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DEVELOPMENT: Chinese Step In, Efficiently

Sanjay Suri

ISTANBUL, May 16 2011 (IPS) - For Jany Chen from Shanghai, concern often-raised in Europe and North America about the Chinese invasion of Africa is a lot of wasteful talk that deserves to be flushed down the toilet. Efficiently.

Jany Chen, CEO of Shanghai Environmental Group, speaks with IPS. Credit: Sanjay Suri/IPS

Jany Chen, CEO of Shanghai Environmental Group, speaks with IPS. Credit: Sanjay Suri/IPS

Chen is chief executive officer of the Shanghai Yiyuan Environmental Group, a company that claims breakthrough technology in conservation of water. Chen dismisses suggestions that the company could have an exploitative interest in Africa.

“This is absolutely not the case for our company,” she told IPS. “Because what we offer is a very efficient and very hi-tech water saving solution for toilets. The traditional toilet will use either six litres or nine litres of water to flush clean the toilet but what we use is just one cup of water. So what we can offer is to save the environment rather than exploit the environment.”

The system abandons the conventional siphon pipe for a fast ‘blow-down’ of about a cupful of water, operated by a foot switch. The company, that has an extensive research and development centre in Shanghai, has filed for patents for this technology, Chen says.

Shanghai Environmental Group has made some high profile demonstrations of its technology recently – it was used in the U.N. pavilion at the Shanghai World Expo. Now the company is looking for business – rather than looking at criticism over such business.

“As far as the company and ourselves are concerned, we don’t care much about those false claims,” says Chen. “Because we believe the actual deeds will speak louder than empty words. We will just go to African nations and contribute our solutions and services to local people. And those people will see the value of our technologies and solutions.”

The company held discussions with representatives of several of the Least Developed Countries (LDCs) during the Fourth U.N. Conference on the LDCs (LDC-IV) in Istanbul last week.

“This is the purpose of our participation in the LDC conference, to take this technology also to Africa,” said Chen. “We hope that through the public sectors and private sectors we can provide the right water conservation solutions to the Least Developed Countries, including African nations.”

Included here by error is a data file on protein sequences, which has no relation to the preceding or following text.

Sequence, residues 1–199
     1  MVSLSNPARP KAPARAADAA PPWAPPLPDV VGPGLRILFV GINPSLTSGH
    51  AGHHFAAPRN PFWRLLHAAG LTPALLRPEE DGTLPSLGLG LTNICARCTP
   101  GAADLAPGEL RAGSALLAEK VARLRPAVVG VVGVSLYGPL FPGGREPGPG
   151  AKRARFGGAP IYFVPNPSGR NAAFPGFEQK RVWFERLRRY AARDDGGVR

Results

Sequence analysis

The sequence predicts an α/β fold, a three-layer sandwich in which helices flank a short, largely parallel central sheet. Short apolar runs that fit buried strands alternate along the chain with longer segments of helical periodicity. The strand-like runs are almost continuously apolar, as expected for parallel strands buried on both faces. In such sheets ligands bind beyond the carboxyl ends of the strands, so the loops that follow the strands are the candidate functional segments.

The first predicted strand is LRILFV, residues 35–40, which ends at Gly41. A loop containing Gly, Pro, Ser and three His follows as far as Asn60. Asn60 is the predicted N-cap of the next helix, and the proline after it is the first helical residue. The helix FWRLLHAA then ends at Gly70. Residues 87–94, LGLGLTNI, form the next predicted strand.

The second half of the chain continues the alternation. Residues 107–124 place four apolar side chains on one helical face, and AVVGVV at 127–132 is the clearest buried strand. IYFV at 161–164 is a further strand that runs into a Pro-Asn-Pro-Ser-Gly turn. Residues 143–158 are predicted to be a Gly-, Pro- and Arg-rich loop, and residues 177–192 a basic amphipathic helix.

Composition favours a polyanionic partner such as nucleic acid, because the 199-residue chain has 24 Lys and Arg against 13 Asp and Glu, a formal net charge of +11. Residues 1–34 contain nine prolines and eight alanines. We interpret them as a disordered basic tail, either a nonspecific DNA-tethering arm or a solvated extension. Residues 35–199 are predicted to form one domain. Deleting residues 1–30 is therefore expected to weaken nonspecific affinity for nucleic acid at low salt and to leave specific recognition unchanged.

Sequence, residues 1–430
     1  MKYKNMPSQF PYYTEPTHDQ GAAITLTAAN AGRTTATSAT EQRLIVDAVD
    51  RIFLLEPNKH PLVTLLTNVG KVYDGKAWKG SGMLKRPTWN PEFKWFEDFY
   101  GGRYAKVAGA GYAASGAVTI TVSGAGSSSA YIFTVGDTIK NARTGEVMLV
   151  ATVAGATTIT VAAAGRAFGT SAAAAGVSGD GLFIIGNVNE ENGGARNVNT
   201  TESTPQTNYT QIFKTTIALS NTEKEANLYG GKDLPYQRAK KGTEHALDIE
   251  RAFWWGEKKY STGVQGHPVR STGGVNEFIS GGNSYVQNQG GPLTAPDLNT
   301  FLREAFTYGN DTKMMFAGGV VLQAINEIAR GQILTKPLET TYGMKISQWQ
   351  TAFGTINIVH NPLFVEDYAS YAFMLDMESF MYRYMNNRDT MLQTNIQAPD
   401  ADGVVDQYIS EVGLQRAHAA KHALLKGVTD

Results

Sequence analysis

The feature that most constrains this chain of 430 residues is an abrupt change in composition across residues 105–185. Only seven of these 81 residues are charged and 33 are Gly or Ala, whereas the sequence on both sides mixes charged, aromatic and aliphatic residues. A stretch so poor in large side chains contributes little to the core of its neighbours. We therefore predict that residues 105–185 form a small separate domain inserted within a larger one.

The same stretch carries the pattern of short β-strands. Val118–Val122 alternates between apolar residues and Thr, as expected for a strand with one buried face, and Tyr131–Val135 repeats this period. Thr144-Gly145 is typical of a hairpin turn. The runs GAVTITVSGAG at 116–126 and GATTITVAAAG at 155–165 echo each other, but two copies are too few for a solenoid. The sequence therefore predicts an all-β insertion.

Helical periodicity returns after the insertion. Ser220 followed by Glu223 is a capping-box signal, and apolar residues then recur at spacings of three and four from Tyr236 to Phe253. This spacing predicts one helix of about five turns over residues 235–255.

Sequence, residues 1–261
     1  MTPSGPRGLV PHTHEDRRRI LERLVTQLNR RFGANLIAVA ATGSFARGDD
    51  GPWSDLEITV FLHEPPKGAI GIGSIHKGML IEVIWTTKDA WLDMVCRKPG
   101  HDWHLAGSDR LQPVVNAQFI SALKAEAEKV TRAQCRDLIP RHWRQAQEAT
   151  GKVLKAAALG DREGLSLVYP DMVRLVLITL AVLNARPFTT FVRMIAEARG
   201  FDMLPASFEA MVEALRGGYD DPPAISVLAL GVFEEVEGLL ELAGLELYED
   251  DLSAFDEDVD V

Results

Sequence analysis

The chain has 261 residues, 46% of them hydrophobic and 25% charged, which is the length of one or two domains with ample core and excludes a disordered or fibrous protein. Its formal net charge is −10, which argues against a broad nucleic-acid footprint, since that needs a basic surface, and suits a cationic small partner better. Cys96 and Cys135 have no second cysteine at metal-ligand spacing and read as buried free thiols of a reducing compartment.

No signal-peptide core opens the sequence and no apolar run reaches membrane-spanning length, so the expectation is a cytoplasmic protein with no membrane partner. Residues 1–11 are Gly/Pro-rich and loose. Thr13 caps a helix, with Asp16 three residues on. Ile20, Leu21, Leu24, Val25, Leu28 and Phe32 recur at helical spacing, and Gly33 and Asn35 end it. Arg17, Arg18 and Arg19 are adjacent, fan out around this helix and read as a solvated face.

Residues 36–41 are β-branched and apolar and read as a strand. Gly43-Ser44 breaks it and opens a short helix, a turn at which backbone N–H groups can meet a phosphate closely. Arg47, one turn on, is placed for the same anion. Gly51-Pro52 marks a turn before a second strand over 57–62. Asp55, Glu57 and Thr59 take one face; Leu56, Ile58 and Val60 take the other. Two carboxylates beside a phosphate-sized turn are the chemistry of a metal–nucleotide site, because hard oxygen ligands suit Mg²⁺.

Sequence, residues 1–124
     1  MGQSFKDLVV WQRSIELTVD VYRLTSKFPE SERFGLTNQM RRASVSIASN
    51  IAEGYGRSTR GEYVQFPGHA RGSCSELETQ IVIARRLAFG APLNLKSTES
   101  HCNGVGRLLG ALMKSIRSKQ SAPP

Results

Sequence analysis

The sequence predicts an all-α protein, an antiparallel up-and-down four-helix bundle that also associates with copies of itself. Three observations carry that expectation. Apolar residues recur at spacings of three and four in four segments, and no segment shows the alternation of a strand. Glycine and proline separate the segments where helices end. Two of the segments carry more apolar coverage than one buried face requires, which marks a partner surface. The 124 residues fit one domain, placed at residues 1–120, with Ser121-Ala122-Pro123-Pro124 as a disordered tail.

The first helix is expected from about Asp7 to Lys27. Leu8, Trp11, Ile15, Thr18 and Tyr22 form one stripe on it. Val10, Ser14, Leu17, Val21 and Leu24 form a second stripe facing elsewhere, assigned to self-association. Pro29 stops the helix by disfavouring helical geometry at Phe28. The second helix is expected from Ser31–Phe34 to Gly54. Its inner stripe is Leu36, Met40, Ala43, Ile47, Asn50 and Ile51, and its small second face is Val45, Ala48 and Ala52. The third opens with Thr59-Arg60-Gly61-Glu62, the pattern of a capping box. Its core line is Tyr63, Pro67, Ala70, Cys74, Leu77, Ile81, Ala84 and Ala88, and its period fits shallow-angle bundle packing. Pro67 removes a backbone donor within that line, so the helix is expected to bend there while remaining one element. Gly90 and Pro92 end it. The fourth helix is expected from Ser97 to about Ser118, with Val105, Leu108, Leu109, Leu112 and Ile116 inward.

The technology would be greatly beneficial, she said. “Many of the LDCs on the African continent are facing a severe shortage of water. So we can help them save that valued and limited water resource.”

The new toilet technology’s prime market remains China itself. More than 400 of 667 Chinese cities are reported to suffer from water shortage to varying degrees, and more than 110 are reported to be in a state of acute scarcity. The company says toilets consume the largest quantities of water, and discharge the greatest amounts of waste.

Chen says countries would like to jointly create more local employment. “Also, with our solutions people can spend less on water consumption, so they will feel rich. And the government will spend less to treat wastewater. So the government will be richer. So this is an all-win solution. Quite contrary to the notion that we go there to exploit natural resources, we go there to help local people save natural resources and to protect water resources.”

The company says it is seeking to work with international organisations to launch water-efficient systems. “As a private business concern we will just focus on what we are very good at,” says Chen.

Private sector engagement and involvement now has official blessing to the extent that a parallel ‘private sector track’ was set up throughout the weeklong LDC conference, May 9-13.

The Chinese don’t move without ‘sayings’. “There’s a Chinese saying that water can float a ship, but also sink it,” says Chen.

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